While the Pakistani authorities now make for other grounds and cases to put the dreaded Hafiz Saaed back under house arrest, the Lahore High Court seems to have found no case, substantive enough to put the mastermind of 26/11 terror attacks of Mumbai under detention.
Saeed, is the man who is running a frontier political outfit of the banned Lashkar-e-Toiba (LeT), Jammat-ud-Dawa. The core political issues of this front remains ultra right, which also claims a right in the ‘struggle for independence in Kashmir’.
The Indian government provided the Pakistani government with proofs of Saeed’s involvement in the Mumbai attacks and further the Pathankot, and Uri incidents as well. Pakistan also saw the US declaring a bounty on Haafiz Saeed, which not only harmed Pakistan’s international reputation but made it look like a dwarf in the Arab world as well.
China though blocked a concerted move to ban LeT and JuD in the UN, citing lack of conclusive evidence, India raised its support for declaring Pakistan a manufacturing hub for terrorism, the call thus has been resonated by many countries in the global fraternity.
The recent stepping down of Nawaz Sharif on corruption charges has put the state into a suspended animation, where the rulers are deemed to have been stationed at Rawalpidi, instead of Islamabad. The civilian government growing weaker by the day, the military has again started playing stronger roles in decision-making of the state as of now.
The recent strike by the TLP and the release of Hafiz Saeed, point towards the state backed right-wing extremists who have been stealing the show lately. The Pakistani state has been acting as a bystander when the right-wing parties have taken to their show of power. The release of Hafiz Saeed, now has a serious future in store for Pakistan.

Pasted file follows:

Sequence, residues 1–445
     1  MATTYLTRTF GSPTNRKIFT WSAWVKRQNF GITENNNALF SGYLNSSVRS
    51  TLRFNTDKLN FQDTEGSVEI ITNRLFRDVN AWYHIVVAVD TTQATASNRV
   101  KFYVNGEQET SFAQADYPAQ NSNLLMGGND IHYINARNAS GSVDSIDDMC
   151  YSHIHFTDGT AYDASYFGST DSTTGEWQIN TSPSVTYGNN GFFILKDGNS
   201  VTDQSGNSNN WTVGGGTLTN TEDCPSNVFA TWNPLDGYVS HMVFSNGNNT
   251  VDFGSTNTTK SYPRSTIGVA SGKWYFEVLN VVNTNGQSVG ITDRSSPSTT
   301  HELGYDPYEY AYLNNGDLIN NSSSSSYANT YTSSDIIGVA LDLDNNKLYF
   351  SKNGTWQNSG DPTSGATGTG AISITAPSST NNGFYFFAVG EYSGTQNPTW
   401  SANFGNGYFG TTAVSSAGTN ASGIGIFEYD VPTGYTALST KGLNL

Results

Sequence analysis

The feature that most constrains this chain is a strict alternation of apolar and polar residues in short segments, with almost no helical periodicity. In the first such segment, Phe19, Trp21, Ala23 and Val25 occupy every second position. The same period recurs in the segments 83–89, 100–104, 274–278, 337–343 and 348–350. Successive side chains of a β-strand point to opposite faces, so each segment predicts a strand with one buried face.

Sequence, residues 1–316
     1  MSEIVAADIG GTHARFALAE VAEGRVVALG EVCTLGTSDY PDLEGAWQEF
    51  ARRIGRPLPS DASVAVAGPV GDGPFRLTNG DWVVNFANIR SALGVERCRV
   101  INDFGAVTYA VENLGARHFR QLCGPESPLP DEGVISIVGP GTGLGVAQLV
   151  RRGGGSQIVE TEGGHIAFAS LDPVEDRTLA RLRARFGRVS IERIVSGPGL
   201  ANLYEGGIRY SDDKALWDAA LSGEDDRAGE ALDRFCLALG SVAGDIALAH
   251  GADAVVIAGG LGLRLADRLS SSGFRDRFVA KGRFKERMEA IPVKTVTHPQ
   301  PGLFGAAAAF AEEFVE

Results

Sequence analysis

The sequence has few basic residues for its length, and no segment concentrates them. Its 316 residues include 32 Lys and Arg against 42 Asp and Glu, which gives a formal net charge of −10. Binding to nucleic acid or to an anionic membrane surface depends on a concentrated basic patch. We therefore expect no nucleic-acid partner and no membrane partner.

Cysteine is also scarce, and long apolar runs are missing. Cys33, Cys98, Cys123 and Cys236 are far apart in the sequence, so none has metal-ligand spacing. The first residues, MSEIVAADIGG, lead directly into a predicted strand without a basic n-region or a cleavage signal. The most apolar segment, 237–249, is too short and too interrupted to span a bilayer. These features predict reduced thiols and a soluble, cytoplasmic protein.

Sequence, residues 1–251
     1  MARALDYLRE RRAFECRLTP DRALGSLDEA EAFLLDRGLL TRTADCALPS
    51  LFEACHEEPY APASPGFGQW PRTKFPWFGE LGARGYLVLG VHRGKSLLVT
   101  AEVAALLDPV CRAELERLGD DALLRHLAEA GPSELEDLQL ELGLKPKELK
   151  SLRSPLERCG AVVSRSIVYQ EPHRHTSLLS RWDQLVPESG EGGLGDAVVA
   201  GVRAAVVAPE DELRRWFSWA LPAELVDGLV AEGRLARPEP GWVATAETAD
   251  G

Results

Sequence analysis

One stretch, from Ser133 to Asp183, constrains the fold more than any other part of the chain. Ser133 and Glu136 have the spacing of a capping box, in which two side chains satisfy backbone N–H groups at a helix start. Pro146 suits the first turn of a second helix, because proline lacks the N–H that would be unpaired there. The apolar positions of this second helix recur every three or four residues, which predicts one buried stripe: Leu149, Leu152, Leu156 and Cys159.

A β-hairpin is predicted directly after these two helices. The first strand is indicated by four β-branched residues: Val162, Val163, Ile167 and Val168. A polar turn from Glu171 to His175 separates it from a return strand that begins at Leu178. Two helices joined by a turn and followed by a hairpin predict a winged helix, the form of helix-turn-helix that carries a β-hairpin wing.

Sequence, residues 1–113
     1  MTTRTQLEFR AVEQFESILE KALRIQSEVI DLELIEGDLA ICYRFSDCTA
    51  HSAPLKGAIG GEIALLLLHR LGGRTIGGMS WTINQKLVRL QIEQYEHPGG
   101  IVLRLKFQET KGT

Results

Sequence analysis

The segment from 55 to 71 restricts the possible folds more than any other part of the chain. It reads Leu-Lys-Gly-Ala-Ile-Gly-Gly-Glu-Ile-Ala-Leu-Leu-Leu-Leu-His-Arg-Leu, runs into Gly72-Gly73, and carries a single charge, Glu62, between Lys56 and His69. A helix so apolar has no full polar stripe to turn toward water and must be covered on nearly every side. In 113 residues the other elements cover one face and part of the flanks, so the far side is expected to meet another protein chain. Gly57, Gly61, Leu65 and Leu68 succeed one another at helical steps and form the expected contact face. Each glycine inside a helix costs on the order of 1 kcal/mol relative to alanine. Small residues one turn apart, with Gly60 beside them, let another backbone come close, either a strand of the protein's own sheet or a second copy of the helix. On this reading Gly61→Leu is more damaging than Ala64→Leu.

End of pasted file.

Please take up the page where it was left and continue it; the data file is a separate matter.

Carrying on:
Though the government is trying to frame him under some other case and put him back in detention, Pakistan has failed to act against him on the evidence provided to him by the Indian government. The international pressure as it exists today on Pakistan, where it has lost all credence, and China has been the only ally left with it, the move will call the ire of the entire fraternity.
The Pakistani civilian government has come to a halt, and the state of affairs is keeping gloomy since then. With Musharraf fraying into active politics and Imran Khan vying for a stint at the national politics, the battle field will see new entrants from the rising right wing of Pakistan also.
The most peculiar aspect of the right-wing parties of Pakistan is the support they enjoy from the military, which makes ISI a training facility for non-state entities. Pakistan has engaged war with India and Afghanistan using proxies, and this has continued, but with the rising clamours of a decisive leader emerging in Pakistan, the future will find better alternatives, lest the military rule.
The international pressures on Pakistan seem to be weakening with the Chinese extending help to the ailing nation, at more than one occasion, through every possible means. This facilitates a paradigm shift where Pakistan is moving towards a defiant nation while allowing the right-wing to stay in the mainstream political discourse for not very optimistic ends. The philosophic narrative of Pakistan will have to forged with new ideas to put anti-human individuals like Saeed, who get state support in dungeons, rather on the streets.